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LUCY STONE (1818-1893)

Lucy Stone was a leader in the women's rights movement in the United States. She was born near West Brookfield, Massachusetts. Her father, a farmer, believed that men were meant to rule over women. He refused to send Lucy to college. With her brother's help, she was able to attend Oberlin College in Ohio by working as a teacher. At that time, Oberlin was the only college to admit women.

When Lucy Stone was a girl, women could not vote, hold public office, nor hold many kinds of jobs. Married women could not own property. Lucy Stone decided to spend her life trying to change this. She was also against slavery, and after graduating from college in 1847 she became an abolitionist lecturer. She also lectured and wrote for the women's rights movement. In 1850 she was one of the organizers of the National Women's Rights Convention.

In 1855 she married Henry B. Blackwell from Cincinnati, who supported her fully in her fight for women's rights and abolition. She decided not to take her husband's name, but to keep her own name and to be called "Mrs. Lucy Stone." Many other women followed her example, for they believed that it was a sign of women's lesser importance to take her husband's name. Henry Blackwell and Lucy Stone helped to found the National Woman's Suffrage Association in 1869, and the Women's Journal a year later. This paper became a tower of strength to the cause for almost half a century. Their daughter, Alice Stone Blackwell, continued her parent's work after their death.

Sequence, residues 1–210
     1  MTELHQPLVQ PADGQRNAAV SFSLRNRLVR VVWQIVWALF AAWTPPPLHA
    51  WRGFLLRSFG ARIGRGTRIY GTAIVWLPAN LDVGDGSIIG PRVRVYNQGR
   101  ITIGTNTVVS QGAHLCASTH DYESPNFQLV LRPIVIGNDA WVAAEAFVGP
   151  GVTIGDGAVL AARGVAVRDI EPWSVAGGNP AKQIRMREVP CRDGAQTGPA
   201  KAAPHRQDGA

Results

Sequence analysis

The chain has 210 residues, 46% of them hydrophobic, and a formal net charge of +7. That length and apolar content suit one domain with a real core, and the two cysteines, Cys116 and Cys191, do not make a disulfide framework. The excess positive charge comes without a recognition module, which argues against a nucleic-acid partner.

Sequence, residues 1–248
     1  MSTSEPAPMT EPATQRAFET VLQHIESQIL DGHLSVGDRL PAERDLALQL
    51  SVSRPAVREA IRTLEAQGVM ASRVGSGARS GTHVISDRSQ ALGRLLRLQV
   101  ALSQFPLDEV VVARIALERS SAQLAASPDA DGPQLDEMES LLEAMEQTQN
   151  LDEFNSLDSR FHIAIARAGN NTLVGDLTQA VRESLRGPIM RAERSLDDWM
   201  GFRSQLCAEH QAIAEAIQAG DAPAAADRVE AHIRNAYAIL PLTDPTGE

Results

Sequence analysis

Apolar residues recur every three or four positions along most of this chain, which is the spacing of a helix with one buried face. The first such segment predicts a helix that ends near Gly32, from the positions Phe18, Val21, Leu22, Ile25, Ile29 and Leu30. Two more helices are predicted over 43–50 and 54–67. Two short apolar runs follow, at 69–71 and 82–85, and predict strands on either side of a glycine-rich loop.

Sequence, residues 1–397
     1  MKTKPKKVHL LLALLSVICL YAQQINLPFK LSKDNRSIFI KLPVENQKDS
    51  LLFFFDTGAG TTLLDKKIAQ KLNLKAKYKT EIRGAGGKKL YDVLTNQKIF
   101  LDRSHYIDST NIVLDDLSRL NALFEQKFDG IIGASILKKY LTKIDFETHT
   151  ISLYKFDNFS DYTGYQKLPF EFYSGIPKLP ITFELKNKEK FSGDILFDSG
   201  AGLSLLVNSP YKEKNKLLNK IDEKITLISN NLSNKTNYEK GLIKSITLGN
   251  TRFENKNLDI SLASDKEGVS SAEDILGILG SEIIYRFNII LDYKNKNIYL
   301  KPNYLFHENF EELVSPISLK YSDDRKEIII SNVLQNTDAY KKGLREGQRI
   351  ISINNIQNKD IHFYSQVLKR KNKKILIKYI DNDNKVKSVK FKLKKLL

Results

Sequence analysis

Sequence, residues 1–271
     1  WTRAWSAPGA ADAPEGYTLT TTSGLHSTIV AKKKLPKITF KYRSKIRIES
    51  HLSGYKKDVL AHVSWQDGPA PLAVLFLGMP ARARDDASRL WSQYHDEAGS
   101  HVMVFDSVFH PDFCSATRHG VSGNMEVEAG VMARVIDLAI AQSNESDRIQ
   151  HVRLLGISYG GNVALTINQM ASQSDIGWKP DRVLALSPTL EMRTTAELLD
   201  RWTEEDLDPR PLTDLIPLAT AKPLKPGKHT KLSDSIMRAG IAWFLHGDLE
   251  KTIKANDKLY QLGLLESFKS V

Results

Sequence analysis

Lucy Stone's parents belonged to the orthodox Congregational Church, as did Lucy until she went to Oberlin College. The terrific brimstone lectures by Professor Finney did not please Lucy, so she joined the Unitarians who were rational in their religion, antislavery, and also assisted the women's suffrage movement to which Lucy devoted her life. She was a Unitarian the rest of her life.

When she died, her last words were "Make the world better." The funeral was held in the Church of the Disciples in Dorchester, with the Rev. Charles G. Ames conducting the services. Eleven hundred persons filled the historic church to its utmost capacity, as reported by the Christian Register (Unitarian) in November 1893.

Jean Brockley

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